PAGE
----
This is a message that comes around every now and again. In the Taoist way of looking at the world they call this ‘non-doing’.
But what does it really mean?
Does it mean lying by the pool with a cocktail? Does it mean never getting out of bed before noon? Does it mean giving up and going home, never doing anything?
It means stop doing ‘stuff’ just for the sake of keeping busy.
It means take the time to work out what’s important to you, and focus on that, calmly.
It means not getting upset when things don’t turn out how you expected, and not getting into a ‘panic’ about having to make things happen instantly. If it takes 21 days for a chicken’s egg to hatch, putting 100 chickens on to the job won’t make it happen any faster.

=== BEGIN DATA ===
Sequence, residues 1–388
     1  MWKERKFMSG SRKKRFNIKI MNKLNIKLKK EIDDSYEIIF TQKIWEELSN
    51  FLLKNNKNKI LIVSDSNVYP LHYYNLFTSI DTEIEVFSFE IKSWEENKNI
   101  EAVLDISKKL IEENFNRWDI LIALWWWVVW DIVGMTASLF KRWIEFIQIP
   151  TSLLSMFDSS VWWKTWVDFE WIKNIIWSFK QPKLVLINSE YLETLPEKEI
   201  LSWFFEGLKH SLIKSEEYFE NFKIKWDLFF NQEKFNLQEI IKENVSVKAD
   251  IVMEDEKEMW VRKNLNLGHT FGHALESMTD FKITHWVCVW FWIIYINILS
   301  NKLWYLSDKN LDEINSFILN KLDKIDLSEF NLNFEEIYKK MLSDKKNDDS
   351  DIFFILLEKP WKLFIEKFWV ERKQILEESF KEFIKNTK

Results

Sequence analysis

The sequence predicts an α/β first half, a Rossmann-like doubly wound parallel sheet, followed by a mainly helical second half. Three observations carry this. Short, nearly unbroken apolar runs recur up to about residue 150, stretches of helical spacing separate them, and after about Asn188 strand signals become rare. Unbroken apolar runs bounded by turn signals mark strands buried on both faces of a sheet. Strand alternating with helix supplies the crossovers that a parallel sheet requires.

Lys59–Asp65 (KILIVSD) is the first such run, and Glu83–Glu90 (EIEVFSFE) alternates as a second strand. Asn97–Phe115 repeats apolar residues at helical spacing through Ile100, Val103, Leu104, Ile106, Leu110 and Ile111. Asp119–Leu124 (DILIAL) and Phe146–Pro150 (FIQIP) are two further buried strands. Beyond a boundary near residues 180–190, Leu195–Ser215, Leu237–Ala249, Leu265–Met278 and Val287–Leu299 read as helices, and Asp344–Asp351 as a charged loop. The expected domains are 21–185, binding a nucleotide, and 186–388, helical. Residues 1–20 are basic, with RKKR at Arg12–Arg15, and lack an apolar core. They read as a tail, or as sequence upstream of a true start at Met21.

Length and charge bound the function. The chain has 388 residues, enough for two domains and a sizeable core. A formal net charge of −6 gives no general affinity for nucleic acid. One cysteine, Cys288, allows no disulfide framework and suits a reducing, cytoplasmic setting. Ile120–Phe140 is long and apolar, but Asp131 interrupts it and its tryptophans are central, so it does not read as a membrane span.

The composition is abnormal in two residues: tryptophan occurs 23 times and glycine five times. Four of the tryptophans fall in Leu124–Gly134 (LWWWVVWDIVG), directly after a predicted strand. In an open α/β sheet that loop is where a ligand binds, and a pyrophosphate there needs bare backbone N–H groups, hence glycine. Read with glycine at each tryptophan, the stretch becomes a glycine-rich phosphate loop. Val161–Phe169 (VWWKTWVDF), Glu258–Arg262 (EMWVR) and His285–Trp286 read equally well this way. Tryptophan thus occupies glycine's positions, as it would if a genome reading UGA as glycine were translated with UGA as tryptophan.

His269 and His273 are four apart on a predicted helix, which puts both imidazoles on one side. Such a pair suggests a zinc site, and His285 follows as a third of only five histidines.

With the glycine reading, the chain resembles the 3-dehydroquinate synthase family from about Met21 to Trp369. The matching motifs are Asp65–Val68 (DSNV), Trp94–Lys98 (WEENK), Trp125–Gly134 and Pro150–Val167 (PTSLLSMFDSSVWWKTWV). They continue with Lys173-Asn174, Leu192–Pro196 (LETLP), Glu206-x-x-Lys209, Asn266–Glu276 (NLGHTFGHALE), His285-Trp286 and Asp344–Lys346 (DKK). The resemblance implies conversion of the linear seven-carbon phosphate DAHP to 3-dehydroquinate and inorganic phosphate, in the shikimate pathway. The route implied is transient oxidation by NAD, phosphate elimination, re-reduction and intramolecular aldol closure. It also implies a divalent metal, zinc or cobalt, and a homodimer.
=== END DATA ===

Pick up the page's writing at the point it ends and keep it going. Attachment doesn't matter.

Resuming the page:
It means having a clear, inspiring vision of who you are, what you care about, and what you are here to accomplish. It means working to achieve that, in a calm, focused, effective way. And taking others with you as you go.
And don’t just keep ‘busy’ with whatever comes along, as a way to avoid the work of finding out who you are.
The Churning provides tools that enable you first of all to find what is important to you, and inspire yourself and others to achieve that (Inner Leadership). And then it provides tools that help you put that into practice (Outer Leadership). All in a calm, focused, effective manner.
The Churning is about accomplishing more by ‘doing’ less.